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Indonesian crews find 12 bodies in Russia jet crash

By Agence France-Presse
Friday, May 11, 2012 7:19 EDT
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Family members of Russian jet passengers Indonesia
 
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Questions mounted over how the twin-engine Sukhoi Superjet 100, a new passenger plane with a veteran pilot at the controls, crashed into Mount Salak, a dormant volcano well-known to pilots as a peril.

Rescuers struggled to reach the jungly site on the face of the mountain, using climbing equipment to ascend the near-vertical slope where bodies and debris were scattered.

“Today we reached the crash site… and we found 12 victims and they were all dead. We will continue the evacuation process,” said Daryatmo, head of the national search and rescue agency, who goes by one name.

“I still don’t know the condition of the bodies, but we haven’t been able to evacuate them. The bodies are still in body bags,” he told reporters in Jakarta.

Marine Lieutenant Colonel Oni Junianto, who was helping to oversee the rescue effort, told AFP that the bodies were identifiable.

“There are no signs they were burnt,” he said.

A rescuer returning from the site said he witnessed haunting scenes of torn bodies and limbs that were put inside body bags.

Once retrieved, bodies and remains will be taken by helicopter to Jakarta where authorities have conducted DNA tests on relatives to proceed with the identification process.

The difficult terrain, which most days is shrouded in thick fog, has been an extreme challenge to the searchers and stopped helicopters from getting close to the crash site, which is at an elevation of 5,900 feet (1,800 metres).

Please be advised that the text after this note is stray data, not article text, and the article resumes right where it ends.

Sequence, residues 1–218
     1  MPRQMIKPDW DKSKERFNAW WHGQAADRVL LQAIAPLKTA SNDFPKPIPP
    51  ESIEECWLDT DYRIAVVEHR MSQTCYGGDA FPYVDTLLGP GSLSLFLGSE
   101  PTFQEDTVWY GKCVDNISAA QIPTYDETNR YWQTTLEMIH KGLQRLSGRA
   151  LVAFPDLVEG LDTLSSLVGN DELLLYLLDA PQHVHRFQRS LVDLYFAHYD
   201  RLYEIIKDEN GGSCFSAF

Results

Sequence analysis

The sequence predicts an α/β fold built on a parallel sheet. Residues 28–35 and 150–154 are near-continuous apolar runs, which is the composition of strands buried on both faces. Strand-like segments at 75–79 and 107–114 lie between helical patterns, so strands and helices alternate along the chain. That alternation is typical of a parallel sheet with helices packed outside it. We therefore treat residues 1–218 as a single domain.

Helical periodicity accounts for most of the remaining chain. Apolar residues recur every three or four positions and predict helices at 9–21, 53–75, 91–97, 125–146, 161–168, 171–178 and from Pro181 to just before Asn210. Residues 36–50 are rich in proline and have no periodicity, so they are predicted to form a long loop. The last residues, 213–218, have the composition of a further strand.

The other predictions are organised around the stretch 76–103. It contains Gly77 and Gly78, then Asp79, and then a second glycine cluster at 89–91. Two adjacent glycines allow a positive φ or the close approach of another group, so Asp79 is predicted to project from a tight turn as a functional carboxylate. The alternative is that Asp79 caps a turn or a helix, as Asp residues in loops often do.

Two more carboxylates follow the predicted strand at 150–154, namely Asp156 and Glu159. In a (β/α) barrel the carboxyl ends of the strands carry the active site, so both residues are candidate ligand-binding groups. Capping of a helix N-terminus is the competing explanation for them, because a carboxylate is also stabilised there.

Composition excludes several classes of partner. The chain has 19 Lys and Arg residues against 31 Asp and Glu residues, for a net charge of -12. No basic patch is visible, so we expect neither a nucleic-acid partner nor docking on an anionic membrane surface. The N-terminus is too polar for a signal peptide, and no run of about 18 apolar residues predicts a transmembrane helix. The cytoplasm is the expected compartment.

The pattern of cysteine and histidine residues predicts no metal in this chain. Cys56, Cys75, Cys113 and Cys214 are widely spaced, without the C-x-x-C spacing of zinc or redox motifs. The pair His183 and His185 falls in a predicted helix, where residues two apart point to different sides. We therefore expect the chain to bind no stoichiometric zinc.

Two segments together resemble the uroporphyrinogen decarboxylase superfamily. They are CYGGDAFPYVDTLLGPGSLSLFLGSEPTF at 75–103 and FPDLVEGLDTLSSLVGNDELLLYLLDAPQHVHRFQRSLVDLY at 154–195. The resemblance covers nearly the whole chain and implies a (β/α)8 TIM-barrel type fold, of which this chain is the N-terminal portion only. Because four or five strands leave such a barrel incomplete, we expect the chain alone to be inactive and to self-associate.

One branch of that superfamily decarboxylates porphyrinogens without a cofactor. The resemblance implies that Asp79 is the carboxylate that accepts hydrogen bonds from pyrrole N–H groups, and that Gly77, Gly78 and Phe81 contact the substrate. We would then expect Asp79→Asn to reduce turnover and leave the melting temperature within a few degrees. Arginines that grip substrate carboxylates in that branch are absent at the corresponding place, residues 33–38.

All aboard the aircraft were killed, authorities said Thursday, a day after the plane disappeared from radar screens during a promotional flight that was meant to spur international sales of Russia’s first post-Soviet civilian jet.

The company representing Sukhoi in Indonesia, Trimarga Rekatama, originally said 50 passengers were on board but revised the number down to 45. Local rescue officials said the plane was carrying 46 people.

The passenger aircraft descended from 10,000 feet (3,000 metres) to 6,000 feet before slamming into Mount Salak, which juts 7,200 feet into the sky south of Jakarta, authorities said.

Controversy swirled over why the 57-year-old, vastly experienced Russian captain descended so low over mountainous terrain. Others questioned whether the jet, which had already experienced some troubles while being flown by Russia’s Aeroflot, encountered an unknown emergency in a tricky air corridor.

“Why did the Sukhoi descend, and who cleared it?” said a headline in the English-language Jakarta Post. Authorities have only confirmed that the plane descended, without saying whether it was cleared by air traffic control.

The authorities will be keen to locate the plane’s black boxes, which may help to resolve the unanswered questions.

Wednesday’s calamity came 50 minutes into a brief flight that was part of an Asian sales tour to promote the aircraft, a joint venture between Sukhoi and Italy’s Alenia Aeronautica, which made its first commercial flight last year.

Gerry Soejatman, an aviation consultant and amateur pilot who is familiar with the airspace around Mount Salak, said it was not the place for an exhibition flight.

“I don’t recommend the area around Mount Salak for a low-level flight, especially for someone who’s never flown in the area,” he told AFP.

“Very few pilots would actually fly around there without any particular purpose, because of the pass between the mountains, which is open to fast-changing weather conditions,” he said.

In Moscow, investigators have opened a criminal probe to look into possible misconduct during preparations for the flight.

The loss of the Superjet is a heavy blow to the Russian aviation industry, which was hoping that the new plane would improve its image.

Those aboard were mostly Indonesian aviation representatives, but there were also eight Russians — four of them crew and four Sukhoi employees — plus an American and a Frenchman, officials said.

Agence France-Presse
Agence France-Presse
AFP journalists cover wars, conflicts, politics, science, health, the environment, technology, fashion, entertainment, the offbeat, sports and a whole lot more in text, photographs, video, graphics and online.
 
 
 
 
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